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Comment Re:sunfire / in my stellerator / makes me... happy (Score 1) 96

Fast neutron cross scattering sections in the couple MeV range barely vary over more than the range of 1-10 barns

1-10 barns is, of course, by definition, an order of magnitude. There is a massive difference between 10 barns and 1 barn. Tenfold, to be precise. ;)

More to the point, you can't just combine all cross sections like that. The energy imparted from an elastic collision isn't the same as from an inelastic collsiion, which isn't the same as an (n, gamma), and so forth. Elastic collisions are particularly low energy, particularly the higher Z the target. Taking them out of the equation yields much greater differences between materials in the range of a couple MeV. The upper end of the neutron energies are "somewhat" similar (up to about one order of magnitude), but down below 6 or 7 MeV or so there's quite a few orders of magnitude difference.

Likewise, total cross sections have no bearing on the accumulation of impurities in the material. The particular cross sections are relevant not only in terms of reaction rate, but also what sort of impurities you tend to accumulate and what effect they have on the properties of the material. Which of course varies greatly depending on what exactly they are.

Integration of annealing cycles into blanket design is not brought up enough in some design studies, but is a consideration to help

It's not a side issue, it's a fundamental issue to the design of a material designed for high temperature operation under a high neutron flux.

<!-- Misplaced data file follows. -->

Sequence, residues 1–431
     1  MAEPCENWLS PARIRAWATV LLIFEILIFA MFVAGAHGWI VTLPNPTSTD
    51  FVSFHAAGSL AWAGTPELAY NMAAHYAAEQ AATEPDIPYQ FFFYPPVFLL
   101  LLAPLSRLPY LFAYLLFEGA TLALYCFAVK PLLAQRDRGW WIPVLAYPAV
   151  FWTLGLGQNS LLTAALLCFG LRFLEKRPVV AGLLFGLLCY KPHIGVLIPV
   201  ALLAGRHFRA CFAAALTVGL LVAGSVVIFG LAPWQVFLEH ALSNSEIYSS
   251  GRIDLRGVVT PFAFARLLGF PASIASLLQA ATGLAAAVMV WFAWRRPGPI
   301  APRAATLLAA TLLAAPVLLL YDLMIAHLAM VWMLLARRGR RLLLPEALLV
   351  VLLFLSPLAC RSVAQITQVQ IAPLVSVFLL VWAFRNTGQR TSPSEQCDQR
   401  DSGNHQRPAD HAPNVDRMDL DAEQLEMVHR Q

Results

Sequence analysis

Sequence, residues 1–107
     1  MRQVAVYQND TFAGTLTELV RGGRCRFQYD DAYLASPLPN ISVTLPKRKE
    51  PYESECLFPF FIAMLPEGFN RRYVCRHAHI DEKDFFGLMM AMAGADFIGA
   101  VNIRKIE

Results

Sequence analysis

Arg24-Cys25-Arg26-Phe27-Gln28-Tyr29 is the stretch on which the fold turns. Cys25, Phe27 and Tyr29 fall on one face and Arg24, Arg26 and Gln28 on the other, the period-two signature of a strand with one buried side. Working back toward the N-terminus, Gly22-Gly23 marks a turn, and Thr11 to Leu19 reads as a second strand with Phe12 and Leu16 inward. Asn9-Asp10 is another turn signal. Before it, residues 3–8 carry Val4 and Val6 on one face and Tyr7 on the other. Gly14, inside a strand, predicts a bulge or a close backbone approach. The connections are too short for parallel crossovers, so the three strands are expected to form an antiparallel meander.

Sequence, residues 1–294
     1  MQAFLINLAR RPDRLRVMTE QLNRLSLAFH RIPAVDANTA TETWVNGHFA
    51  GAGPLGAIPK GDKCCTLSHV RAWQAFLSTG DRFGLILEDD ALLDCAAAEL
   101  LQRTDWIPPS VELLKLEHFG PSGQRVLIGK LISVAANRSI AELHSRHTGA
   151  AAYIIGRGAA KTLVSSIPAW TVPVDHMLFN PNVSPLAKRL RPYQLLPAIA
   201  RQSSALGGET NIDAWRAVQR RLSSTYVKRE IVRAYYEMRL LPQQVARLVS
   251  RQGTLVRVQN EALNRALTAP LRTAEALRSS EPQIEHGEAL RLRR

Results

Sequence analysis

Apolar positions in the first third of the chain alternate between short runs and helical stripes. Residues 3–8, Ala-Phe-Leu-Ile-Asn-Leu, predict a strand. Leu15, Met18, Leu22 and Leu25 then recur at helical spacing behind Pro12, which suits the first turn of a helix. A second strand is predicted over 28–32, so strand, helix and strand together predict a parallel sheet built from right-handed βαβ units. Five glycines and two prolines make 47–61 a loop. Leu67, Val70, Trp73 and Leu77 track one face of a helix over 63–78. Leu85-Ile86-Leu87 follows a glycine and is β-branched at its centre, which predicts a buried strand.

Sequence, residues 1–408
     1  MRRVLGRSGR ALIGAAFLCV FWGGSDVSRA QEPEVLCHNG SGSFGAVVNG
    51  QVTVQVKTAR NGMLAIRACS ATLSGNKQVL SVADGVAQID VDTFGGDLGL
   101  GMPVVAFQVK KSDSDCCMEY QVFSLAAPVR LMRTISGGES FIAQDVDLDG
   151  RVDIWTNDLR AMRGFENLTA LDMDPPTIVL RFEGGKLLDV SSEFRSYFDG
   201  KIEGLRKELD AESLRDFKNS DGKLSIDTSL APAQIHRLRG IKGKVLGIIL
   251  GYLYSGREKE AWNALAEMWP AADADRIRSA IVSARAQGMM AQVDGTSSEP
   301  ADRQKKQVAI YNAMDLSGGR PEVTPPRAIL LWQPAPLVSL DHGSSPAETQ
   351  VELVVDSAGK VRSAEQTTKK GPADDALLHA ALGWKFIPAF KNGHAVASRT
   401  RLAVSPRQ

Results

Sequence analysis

Blanket design is extremely constrained by tritium breeder ratio to ensure more tritium is produced than used, which squeezes volume allowed to be used by coolant, ... but they have much lower neutron flux to worry about. Gen 4 reactor designs are in the 500-1000 C temperature range, exceeding in some cases what is thought reasonable for fusion blanket design. ... Blanket replacement is considerably more complex than fuel replacement in a fission reactor

Perhaps they've been heading in a different direction since I was last reading on the topic, but I was under the impression that a prime blanket material under consideration was FLiBe. Which operates in a temperature range of 459-1430C, and is its own coolant. That doesn't change what the first wall has to tolerate, but as for the blanket itself, you have no "structural properties" to maintain, and cooling is only limited by the speed that you can cycle it.

The last paper I read on the subject also suggested that for breeding purposes one needs not only beryllium (they were reporting really poor results with high-Z multipliers), but the optimum ratio (to my surprise) worked out to be significantly more beryllium than lithium. So building structural elements out of beryllium serves double purpose, you don't have the excuse of "I need to use steel because it's cheaper" - you need the beryllium either way. It's strong, low density, similar melting point to steel, but retains strength better with heat, and highly thermally conductive. Beryllium swelling from helium accumulation stops at 750C+ as helium release occurs. So pairing a beryllium first wall with a FLiBe-based blanket seems like a very appropriate option.

Please don't get me wrong, I'm not at all disputing the great amount of engineering work left to do. I'm just more optimistic that appropriate solutions will be found. Perhaps I'm just naive in that regard ;)

Comment Re:Um... not to should rude (Score 1) 356